National Public Radio (NPR) reported today that the Supreme Court ruled in a 5-4 decision that the while the Consumer Financial Protection Bureau (CFPB), an independent agency, can exist, its structure is unconstitutional allowing the President to fire its director for any reason.
Justice John Roberts delivered the opinion of the Court with respect to Parts I, II, and III, in which Justices Thomas, Alito, Gorsuch, and Kavanaugh joined, and an opinion with respect to Part IV, in which Justices Alito and Kavanaugh joined. Justice Thomas filed an opinion concurring in part and dissenting in part, in which Justice Gorsuch joined. Justice Kagan filed an opinion concurring in the judgment with respect to severability and dissenting in part, in which Justices Ginsburg, Breyer, and Sotomayor joined.
The agency was established by Congress in 2010 through the Dodd–Frank Wall Street Reform and Consumer Protection Act. The law was passed in response to the Great Recession from 2007-2009 and the financial crisis of 2008 and was named after its legislative sponsors, Senator Christopher J. Dodd (D-Conn.) and Representative Barney Frank (D-Mass.). Its purpose is to "To promote the financial stability of the United States by improving accountability and transparency in the financial system, to end ‘'too big to fail', to protect the American taxpayer by ending bailouts, to protect consumers from abusive financial services practices, and for other purposes." It instituted strict regulations for banks and lenders to protect consumers to prevent another financial crisis. It also formed agencies to oversee and enforce the policies and procedures.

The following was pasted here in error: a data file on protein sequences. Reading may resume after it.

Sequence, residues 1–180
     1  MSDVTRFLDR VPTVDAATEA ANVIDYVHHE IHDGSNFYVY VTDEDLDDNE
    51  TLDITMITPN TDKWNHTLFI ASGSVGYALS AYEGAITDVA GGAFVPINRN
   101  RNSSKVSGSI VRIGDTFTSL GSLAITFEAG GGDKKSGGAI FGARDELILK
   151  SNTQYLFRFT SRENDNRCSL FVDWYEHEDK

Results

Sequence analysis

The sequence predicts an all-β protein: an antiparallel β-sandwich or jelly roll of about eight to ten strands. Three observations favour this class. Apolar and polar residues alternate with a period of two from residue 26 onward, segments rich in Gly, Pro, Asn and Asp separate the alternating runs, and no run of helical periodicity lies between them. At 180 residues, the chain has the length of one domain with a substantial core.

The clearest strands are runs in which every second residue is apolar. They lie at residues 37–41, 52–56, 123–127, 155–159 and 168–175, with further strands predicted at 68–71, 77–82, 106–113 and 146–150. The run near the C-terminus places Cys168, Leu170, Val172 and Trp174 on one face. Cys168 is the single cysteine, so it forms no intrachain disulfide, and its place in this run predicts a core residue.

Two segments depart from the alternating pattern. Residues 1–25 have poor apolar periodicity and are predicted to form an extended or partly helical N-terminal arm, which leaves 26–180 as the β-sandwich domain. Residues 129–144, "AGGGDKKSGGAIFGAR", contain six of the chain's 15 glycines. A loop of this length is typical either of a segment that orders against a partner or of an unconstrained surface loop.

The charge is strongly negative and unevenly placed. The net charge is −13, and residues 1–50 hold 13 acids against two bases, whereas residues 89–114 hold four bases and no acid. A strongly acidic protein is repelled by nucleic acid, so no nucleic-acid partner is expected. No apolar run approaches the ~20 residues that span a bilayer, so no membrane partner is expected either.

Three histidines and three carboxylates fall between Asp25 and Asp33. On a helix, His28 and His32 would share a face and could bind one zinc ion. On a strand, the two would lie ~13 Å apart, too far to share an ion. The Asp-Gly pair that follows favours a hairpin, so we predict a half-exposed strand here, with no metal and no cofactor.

One of these agencies was the CFPB. It is an independent unit located inside and funded by the U.S. Federal Reserve, with interim affiliation with the U.S. Treasury Department. It is led by a single director who is appointed by the President and confirmed by the Senate for a five-year term. Only the President could remove this position for "inefficiency, neglect of duty or malfeasance in office."
According to Investopedia.com, the Act gave CFPB "the job of preventing predatory mortgage lending (reflecting the widespread sentiment that the subprime mortgage market was the underlying cause of the 2008 catastrophe) and make it easier for consumers to understand the terms of a mortgage before agreeing to them. It deters mortgage brokers from earning higher commissions for closing loans with higher fees and/or higher interest rates and requires that mortgage originators not steer potential borrowers to the loan that will result in the highest payment for the originator.
"The CFPB also governs other types of consumer lending, including credit and debit cards, and addresses consumer complaints. It requires lenders, excluding automobile lenders, to disclose information in a form that is easy for consumers to read and understand; an example is the simplified terms now on credit card applications."